Newburg | CPA News Brief
By David R. Natan, CPA, MST, CVA
March 3, 2023
While capital raise may be at top of mind when immersing yourself into your newly planned biotech start-up, do not lose sight of some of these important accounting and tax considerations:
Spend Time to Understand and Properly Evaluate Your Choice of Entity Options
Work closely with your tax and legal advisors to understand the nuances between C Corporations, LLCs taxed as partnership, and S Corporations. Are you looking for LLC partnership pass-through losses for tax benefits at the individual level? Do you prefer the administrative simplicity of a C Corporation? Are investors seeking potential gain exclusion under Section 1202? Are there early-stage profits whereby an S Corporation might make sense? Do you plan to IPO in the future? Can you start as one entity and convert to another down the road if it makes sense? While there is no “one size fits all” option here, start-up biotech owners need to review their options and prioritize what is most important to them. We often recommend putting together a high-level pros and cons analysis so that you can compare the nuances from start-up through ultimate succession.
Proper Cash Flow Management is Essential
Your soon to be newly funded biopharma firm needs a well thought out financial plan that works through best and worst-case scenarios. Thinking through key metrics and tools such as burn rate, working capital, and ongoing variance analysis is very important to the various stages of capital raise you will encounter during your biotech life cycle. We recommend putting together multiple forecast scenarios and tracking these variances closely on at least a quarterly basis. Have you properly accounted for potential future acquisitions within your modeling; are hiring and key inflation metrics integrated? Have you properly integrated your sources of capital raise such as convertible notes, private placement debt, SAFE notes, term loan debt, and core equity financing? One significant area often overlooked is the lack of integration of cash flow planning around incentivizing key management. How will you gear your key management incentives, whether it be through such items as a formal stock option arrangement, profits interest, or phantom equity pool?
Solidify Your Internal Accounting Early in the Process
Developing your internal accounting procedures and formulating an internal accounting manual earlier in the process will help your biotech’s success for the future. Understanding that not every start-up biotech will have the luxury of developing a full internal accounting team, you still need to think through how to best mitigate risk and fraud. What accounting software best fits your needs? Tracking project costs and your R&D will be essential. We find that many biotech start-ups will want to begin cost effectively by utilizing the easy integration benefits of QuickBooks and layering on other control protections such as Bill.com or Stampli. Many biopharma start-ups will also blend an internal person for data entry while utilizing an outsourced solution to close their monthly financials. Having a well-planned accounting system during the start-up phase of your biotech will help strengthen your relationship with investors and provide them timely financial information that will be helpful for future funding rounds and interested participation.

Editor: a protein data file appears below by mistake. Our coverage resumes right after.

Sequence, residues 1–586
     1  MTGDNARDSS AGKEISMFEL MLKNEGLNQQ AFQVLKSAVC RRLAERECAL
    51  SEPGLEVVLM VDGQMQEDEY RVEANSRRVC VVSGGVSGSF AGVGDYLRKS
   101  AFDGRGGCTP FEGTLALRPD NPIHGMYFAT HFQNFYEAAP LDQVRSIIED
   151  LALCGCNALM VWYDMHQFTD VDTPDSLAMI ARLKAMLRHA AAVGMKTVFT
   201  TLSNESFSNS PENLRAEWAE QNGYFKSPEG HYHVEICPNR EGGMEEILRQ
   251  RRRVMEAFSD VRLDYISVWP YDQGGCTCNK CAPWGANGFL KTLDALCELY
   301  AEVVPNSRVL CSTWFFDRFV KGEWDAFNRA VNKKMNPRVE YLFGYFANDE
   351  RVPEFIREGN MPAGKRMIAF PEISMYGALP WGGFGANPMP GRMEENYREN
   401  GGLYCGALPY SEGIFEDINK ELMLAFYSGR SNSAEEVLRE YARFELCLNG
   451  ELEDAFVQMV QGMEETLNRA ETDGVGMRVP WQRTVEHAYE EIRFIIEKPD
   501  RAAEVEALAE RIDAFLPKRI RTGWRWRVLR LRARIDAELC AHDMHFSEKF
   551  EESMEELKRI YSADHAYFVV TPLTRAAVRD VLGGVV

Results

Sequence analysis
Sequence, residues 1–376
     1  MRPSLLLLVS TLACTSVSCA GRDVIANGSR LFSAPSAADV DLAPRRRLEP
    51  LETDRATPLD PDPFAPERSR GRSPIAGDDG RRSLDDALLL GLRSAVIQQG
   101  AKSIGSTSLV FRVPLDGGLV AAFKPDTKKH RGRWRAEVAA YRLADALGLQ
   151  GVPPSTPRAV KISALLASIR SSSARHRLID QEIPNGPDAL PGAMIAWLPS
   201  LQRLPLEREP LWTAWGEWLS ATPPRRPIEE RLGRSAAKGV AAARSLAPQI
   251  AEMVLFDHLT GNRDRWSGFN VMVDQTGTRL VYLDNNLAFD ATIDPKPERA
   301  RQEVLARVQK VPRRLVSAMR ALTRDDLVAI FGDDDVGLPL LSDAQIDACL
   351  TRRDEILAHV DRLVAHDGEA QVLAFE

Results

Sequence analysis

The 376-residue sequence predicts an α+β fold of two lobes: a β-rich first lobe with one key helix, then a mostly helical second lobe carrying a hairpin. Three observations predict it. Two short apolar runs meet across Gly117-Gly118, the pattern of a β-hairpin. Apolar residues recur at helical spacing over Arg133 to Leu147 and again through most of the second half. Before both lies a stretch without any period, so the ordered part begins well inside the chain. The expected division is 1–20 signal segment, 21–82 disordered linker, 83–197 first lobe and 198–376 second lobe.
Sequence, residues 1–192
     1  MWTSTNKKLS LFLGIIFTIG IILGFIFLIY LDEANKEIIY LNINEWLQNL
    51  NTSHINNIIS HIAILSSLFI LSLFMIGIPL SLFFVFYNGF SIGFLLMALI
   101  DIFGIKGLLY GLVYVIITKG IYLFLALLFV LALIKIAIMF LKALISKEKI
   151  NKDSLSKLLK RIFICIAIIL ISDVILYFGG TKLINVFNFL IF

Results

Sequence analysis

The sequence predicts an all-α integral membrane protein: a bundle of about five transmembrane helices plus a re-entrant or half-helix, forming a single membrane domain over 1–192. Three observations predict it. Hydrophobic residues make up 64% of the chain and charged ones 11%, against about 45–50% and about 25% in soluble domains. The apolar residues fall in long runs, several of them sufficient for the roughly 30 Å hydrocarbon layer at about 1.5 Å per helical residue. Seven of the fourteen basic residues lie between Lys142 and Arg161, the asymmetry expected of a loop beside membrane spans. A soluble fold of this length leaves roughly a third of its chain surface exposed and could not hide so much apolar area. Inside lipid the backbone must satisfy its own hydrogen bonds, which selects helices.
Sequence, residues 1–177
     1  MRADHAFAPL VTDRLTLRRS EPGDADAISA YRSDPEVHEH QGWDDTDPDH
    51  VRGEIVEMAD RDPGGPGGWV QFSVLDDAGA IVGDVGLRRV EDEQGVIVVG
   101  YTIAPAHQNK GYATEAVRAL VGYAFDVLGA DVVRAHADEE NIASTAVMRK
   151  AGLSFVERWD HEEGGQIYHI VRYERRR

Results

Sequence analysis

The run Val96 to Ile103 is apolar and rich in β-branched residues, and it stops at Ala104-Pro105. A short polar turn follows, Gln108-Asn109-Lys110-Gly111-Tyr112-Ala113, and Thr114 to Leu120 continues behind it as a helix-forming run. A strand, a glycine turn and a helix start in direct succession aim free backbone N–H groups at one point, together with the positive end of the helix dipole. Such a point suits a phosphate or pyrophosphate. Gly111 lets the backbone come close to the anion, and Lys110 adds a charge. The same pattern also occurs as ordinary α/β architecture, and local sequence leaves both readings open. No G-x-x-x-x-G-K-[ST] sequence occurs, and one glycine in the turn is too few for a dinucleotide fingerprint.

Navigating Research and Development Costs
Historically biotech and life science companies have received dramatic tax benefits afforded by the government’s emphasis on the importance of innovation and advancement. The Research and Development (R&D) tax credit has various applications and elections at both the Federal and State levels. The credit can also allow for start-ups to reduce their payroll tax burden to help with early-stage cash flow. One significant (and surprising) change, however, occurred in January 2023 when Congress did not act on delaying or retracting the requirement under the PATH Act for capitalization and amortization of R&D expenditures. While the R&D tax credit in of itself remains the same, biotech companies may receive a bit of a surprise when having to reclassify deductible research and experimentation costs and slowly amortize them over five years (15 years if derived outside the US). This could create unforeseen taxable income situations for those companies with revenue and earnings. While there is speculation that this still may be overturned, start-up biotech companies need to plan and integrate accordingly. Regardless of the curveball encountered here, it is very important for start-up biotech companies to have a good system of tracking R&D by qualified project. IRS and State agencies require maintaining and tracking your employees and subcontractors time by qualified R&D project to obtain the credit. While the details behind the R&D credit calculation are beyond the scope of this article, it is important for biotech entrepreneurs to ensure they have a good understanding of what qualifies and how best to track internally.
Newburg CPA, a mid-size accounting firm located just outside Boston, Massachusetts has many years of specialized biotech and life science experience. We work with biotech and life science companies of all sizes helping them navigate tax and accounting complexities from start-up through succession.
Interested in learning more about our services pertaining to biotech companies? Contact Newburg CPA today for a complimentary initial biopharma consultation today.
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